Carnival Culture’s – UK Invasion II ‘ the Brits keep coming!”

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In between the hectic demands of the day job I’ve managed to  piece together this short carnival piece captured over several days whilst in Trinidad for Carnival 2012. As explained on my last musing this series pays homage to those who have contributed to the Carnival art forms via UK links.

When the revered calypsonian and soca artiste, Lord Kitchener, returned to Trinidad and Tobago in 1962 he encouraged his compatriot the Mighty Terror to follow. Fitzgerald Henry did just so three years later in 1965. This seemingly innocuous trend continues to this day with many peoples of Caribbean heritage improving their craft in the UK and returning home (or in the case of offspring seeking the home of their forebears) successfully contributing to, and developing, the vibrant culture.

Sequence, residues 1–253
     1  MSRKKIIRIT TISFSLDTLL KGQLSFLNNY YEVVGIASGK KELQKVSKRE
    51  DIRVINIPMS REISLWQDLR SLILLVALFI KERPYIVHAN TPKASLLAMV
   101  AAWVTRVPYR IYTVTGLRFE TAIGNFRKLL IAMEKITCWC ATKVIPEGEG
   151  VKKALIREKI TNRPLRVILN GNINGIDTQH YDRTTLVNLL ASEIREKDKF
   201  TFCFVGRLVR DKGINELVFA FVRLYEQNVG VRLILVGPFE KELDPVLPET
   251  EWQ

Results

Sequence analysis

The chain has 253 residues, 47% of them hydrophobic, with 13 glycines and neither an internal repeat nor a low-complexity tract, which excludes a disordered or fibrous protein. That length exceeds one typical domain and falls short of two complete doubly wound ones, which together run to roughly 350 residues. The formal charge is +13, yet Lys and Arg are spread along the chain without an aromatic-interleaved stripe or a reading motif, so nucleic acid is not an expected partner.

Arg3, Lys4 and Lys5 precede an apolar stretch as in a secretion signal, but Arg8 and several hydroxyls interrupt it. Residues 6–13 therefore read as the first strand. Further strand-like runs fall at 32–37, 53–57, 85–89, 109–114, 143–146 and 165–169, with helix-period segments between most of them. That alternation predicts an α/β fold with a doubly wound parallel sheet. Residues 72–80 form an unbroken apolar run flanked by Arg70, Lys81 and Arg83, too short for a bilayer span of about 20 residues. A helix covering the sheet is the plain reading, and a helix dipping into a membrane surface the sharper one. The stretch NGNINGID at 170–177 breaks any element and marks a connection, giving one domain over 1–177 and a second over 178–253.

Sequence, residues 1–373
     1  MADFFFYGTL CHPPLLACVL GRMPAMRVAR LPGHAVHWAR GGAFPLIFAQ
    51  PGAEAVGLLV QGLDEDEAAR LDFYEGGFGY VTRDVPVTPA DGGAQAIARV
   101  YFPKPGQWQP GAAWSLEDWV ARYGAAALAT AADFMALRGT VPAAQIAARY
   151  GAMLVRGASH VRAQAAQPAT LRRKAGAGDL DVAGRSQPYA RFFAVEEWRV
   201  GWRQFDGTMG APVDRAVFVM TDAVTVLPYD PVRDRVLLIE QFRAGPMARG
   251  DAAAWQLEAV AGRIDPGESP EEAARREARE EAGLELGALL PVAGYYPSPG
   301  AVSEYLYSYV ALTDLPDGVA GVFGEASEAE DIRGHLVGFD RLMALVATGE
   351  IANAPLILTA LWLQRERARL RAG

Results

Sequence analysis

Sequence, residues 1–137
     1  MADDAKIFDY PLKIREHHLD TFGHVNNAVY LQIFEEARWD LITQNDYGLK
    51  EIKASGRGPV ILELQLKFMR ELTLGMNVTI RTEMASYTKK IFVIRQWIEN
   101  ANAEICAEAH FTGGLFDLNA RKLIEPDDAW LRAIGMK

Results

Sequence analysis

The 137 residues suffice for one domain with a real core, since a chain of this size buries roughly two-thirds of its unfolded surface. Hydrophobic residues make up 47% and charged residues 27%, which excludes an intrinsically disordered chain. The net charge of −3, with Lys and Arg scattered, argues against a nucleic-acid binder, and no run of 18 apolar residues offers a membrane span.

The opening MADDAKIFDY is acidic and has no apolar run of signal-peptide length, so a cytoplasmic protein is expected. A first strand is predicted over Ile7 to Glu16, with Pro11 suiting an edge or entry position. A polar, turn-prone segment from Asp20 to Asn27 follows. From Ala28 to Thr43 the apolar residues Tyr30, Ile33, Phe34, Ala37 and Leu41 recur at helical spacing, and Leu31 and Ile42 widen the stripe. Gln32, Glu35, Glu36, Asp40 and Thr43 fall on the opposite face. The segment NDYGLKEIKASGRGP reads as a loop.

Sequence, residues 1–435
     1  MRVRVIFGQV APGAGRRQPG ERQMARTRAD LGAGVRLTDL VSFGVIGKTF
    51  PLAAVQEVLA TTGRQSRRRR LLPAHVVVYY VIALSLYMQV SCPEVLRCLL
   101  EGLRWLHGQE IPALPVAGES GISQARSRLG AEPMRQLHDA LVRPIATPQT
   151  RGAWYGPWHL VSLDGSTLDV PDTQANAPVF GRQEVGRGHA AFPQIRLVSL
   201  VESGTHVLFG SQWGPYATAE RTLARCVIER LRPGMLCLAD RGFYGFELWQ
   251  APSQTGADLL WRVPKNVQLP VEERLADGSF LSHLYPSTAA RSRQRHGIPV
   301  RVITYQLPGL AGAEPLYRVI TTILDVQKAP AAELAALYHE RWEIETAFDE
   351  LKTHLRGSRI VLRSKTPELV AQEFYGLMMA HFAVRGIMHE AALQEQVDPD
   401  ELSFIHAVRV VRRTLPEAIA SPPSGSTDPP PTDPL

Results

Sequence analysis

During my stay for the annual Carnival event I caught up with three such persons and learned about their involvement in the Caribbean scene.

Many thanks for those who contributed their time to my development. In my research I was pleased to learn of Trinidadian Dexter Simmons’ heritage. He is a renown producer and mix engineer for the likes of Beyonce to Michael Jackson to name but two. Here are some of his credits http://www.allmusic.com/artist/dexter-simmons-p223523/credits/date-asc/100. Of interest more so the fact that he studied music technology and studio engineering here in London. Dexter came to London to go to the School of Audio Engineering. After this course he spent some time in London studios before making his move Stateside.

Filmed using the now old skool Sony Z1 with PP settings – BBC neutral. Single Rode NT2 mic (facing interviewee which explains my boxy voice). Edited using FCP7. I also did the narration using the Zoom H4n. No external mic just talking straight into the unit. I’m quite pleased with the result. I do like testing all gear without too many ad ons or reverting to the post studio process. Perhaps its the old skool DJ in me? You will note some of the grainy photos used as ‘cutaways’. I like that grittiness sometimes.